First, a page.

As with everything that the coronavirus leaves in its wake, the suspension of operations by most major theaters around the country feels surreal—though surely both inevitable and necessary—and follows yesterday’s announcement that Broadway will turn off its lights for at least the next month. Only two days prior, the producer Scott Rudin had offered $50 discount tickets to his Broadway shows, including West Side Story and The Book of Mormon. “I can’t pretend that great theater is the panacea we’ve been waiting for, but in the meantime we could all use a few hours away from the evening news,” Rudin said in a press release, implying that his shows might, in some form, offer at least emotional inoculation from a pandemic.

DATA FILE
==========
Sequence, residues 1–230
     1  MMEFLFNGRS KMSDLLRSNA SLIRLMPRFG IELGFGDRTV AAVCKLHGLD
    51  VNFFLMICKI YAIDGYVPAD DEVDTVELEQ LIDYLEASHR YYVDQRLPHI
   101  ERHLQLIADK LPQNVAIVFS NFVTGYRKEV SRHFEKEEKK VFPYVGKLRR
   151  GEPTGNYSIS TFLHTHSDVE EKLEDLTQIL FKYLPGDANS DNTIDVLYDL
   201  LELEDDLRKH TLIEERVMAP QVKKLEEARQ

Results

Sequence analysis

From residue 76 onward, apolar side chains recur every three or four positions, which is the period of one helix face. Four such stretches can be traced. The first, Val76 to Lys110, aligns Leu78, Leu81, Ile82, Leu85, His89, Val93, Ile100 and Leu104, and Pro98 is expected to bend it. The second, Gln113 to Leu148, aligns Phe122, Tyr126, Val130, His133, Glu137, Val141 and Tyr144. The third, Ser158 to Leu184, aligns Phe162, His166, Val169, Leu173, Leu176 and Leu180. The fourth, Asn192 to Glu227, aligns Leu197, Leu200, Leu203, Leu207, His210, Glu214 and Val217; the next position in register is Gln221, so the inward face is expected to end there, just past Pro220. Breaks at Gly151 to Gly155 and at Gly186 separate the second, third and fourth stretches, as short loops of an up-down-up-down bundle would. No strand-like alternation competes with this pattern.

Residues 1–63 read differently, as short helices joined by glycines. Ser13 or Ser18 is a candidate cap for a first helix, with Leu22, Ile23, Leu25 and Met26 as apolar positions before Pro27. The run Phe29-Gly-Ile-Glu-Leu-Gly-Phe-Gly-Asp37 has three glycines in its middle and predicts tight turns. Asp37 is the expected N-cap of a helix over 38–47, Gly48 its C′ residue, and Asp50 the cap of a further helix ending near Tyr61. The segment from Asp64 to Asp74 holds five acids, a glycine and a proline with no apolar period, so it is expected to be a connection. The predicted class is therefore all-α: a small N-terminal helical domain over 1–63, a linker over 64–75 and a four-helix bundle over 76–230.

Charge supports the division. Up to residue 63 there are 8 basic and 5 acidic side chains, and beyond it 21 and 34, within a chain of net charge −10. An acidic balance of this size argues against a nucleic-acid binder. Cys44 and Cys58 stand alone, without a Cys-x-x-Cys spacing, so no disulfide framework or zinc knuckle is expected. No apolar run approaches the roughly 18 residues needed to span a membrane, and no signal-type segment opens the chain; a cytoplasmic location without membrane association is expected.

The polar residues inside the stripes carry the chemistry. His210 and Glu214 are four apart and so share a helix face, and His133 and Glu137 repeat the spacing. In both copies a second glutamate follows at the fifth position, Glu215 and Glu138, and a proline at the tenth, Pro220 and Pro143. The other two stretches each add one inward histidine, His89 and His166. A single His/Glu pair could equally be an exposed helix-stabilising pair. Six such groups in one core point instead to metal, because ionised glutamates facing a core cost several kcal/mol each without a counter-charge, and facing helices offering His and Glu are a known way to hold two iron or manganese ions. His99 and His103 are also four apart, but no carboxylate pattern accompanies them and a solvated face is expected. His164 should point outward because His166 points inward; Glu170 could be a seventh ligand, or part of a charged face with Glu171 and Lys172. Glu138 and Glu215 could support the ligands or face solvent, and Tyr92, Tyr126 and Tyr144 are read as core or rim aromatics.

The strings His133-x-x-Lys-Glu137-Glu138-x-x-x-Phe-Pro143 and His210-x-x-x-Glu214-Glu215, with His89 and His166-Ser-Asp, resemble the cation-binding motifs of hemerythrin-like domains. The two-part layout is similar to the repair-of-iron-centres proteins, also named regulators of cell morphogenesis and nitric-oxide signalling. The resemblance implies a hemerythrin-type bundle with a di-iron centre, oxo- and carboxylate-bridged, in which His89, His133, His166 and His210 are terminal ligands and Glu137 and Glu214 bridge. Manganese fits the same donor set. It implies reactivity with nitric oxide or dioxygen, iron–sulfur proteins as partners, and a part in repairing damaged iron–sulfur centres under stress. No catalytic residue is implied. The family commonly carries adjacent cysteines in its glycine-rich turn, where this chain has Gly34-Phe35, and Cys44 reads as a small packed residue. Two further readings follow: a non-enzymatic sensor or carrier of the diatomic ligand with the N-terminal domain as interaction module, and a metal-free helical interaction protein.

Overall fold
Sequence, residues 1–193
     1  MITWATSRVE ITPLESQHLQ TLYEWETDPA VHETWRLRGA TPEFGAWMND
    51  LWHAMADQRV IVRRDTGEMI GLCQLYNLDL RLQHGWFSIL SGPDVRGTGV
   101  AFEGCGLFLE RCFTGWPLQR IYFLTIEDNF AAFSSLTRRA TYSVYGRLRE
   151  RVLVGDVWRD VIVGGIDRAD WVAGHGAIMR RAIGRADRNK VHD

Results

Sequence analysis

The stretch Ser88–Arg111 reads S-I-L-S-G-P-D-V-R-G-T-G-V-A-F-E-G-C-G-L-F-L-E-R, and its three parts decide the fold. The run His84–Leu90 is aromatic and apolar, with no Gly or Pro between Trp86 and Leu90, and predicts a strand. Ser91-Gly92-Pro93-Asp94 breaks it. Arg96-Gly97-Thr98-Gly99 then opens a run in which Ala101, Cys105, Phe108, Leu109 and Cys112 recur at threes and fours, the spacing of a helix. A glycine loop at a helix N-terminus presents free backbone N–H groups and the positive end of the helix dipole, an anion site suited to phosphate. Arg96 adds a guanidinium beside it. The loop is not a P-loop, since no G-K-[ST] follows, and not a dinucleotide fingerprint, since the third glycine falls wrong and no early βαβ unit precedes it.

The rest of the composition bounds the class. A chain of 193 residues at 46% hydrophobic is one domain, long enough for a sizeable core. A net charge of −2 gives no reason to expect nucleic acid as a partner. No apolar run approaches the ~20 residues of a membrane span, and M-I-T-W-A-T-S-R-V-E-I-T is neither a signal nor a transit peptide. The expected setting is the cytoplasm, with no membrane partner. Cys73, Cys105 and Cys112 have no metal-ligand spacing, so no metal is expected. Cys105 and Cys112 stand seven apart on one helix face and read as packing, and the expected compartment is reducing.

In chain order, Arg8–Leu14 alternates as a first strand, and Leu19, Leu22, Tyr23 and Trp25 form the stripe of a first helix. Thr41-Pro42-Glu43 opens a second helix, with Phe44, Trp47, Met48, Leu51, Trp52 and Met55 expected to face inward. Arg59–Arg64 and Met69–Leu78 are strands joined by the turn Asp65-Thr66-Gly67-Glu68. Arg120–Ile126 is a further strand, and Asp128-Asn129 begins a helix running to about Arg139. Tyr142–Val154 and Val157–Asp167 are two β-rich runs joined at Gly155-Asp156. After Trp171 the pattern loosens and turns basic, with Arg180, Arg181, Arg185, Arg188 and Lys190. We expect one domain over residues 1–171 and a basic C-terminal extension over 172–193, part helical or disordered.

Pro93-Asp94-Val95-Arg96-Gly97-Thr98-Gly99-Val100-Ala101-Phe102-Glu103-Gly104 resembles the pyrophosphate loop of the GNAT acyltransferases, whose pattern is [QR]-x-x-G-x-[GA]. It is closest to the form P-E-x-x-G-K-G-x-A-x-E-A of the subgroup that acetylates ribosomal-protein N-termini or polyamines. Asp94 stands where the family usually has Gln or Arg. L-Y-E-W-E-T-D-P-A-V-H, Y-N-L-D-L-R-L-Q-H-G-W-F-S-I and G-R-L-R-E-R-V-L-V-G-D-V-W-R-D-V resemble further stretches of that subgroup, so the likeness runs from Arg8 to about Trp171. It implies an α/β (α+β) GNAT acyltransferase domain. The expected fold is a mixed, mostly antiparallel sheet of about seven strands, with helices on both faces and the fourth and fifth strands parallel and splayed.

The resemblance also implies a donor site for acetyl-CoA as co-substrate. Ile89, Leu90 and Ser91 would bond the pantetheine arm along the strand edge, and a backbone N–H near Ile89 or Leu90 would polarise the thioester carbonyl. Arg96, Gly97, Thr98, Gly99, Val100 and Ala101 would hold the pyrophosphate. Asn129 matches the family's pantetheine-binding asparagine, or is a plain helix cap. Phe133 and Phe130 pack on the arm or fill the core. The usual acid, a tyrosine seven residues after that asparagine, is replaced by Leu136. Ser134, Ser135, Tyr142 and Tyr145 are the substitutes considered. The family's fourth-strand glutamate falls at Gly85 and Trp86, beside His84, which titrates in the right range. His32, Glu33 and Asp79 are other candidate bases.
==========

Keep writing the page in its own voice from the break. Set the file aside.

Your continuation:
Whether theater provides an entertaining diversion from “the evening news” or might be the cause of further suffering, however, is a debate that goes back at least to Shakespeare’s day. Elizabethan theaters were frequently shuttered in London during outbreaks of the bubonic plague, which claimed nearly a third of the city’s population. The official rule was that once the death rate exceeded thirty per week, performances would be canceled. (As an infant, Shakespeare himself barely survived an outbreak that killed his older siblings.) Like New York’s governor Andrew Cuomo, who has banned gatherings of more than 500 people, London officials in the 16th century worried that people flocking to town to “see certayne stage plays” would be “close pestered together in small romes,” creating the means “whereby great infeccion with the plague, or some other infeccious diseases, may rise and growe, to the great hynderaunce of the common wealth of this citty.”